4. The Adjudicator’s findings are set out at paragraphs 19 to 29 of her determination. Those findings are, the Tribunal considers, both eminently fair and well reasoned. The Adjudicator found that, notwithstanding the matters referred to above (which she accepted had occurred), the appellant would not have left his wife and child in the house alone, once he left for the second and final time, if the risk had been as significant as he claimed.

5. It is submitted on behalf of the appellant that the Adjudicator failed to appreciate that the ZANU-PF supporters were interested in the appellant himself, rather than his wife and child, albeit that the wife was herself an MDC member. This submission, however, fails to meet the point that the Adjudicator, at paragraph 22 of the determination, observed that, on his own account, the appellant had said that the reason for at least one of the visits by ZANU-PF to the wife at the family home, after he had left, was “that they wanted to scare her”. In the circumstances, the Adjudicator was perfectly entitled to conclude that the appellant’s decision to leave his family behind showed that, in reality, he faced no real risk of persecution in his home area.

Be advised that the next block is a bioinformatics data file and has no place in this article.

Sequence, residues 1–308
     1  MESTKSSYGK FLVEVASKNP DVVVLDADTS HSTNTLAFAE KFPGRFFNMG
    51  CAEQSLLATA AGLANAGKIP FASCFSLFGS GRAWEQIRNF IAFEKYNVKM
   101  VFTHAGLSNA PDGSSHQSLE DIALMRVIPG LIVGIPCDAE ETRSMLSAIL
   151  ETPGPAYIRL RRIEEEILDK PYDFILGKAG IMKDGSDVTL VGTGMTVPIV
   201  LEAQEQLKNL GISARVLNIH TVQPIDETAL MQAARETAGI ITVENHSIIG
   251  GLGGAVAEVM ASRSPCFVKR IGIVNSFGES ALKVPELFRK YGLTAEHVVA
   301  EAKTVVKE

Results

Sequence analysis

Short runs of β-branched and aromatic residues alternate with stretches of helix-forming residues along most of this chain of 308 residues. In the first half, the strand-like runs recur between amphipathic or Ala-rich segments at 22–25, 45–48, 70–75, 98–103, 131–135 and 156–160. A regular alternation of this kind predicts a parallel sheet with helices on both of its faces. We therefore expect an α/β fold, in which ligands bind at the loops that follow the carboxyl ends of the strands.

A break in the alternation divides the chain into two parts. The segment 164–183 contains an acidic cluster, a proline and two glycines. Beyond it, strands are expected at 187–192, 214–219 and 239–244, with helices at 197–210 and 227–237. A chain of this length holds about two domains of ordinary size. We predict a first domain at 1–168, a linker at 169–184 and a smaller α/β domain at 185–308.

6. Likewise, the Adjudicator was entitled at paragraph 24 to find that, if ZANU-PF had taken the friend known as Japhet, then:

“this would have marked a substantial increase in the level of danger to [the appellant] and his family (over and above that experienced in December 2001), and I find he would have taken steps to remove them as well as himself.”

7. At page 16 of the appellant’s bundle, page 12 of the US State Department report on Zimbabwe for 2002, we note that the security forces

“searched homes and offices without warrants, and the government was believed to monitor some private correspondence and telephones.”

The Human Rights Watch report at page 70 of the bundle observes that: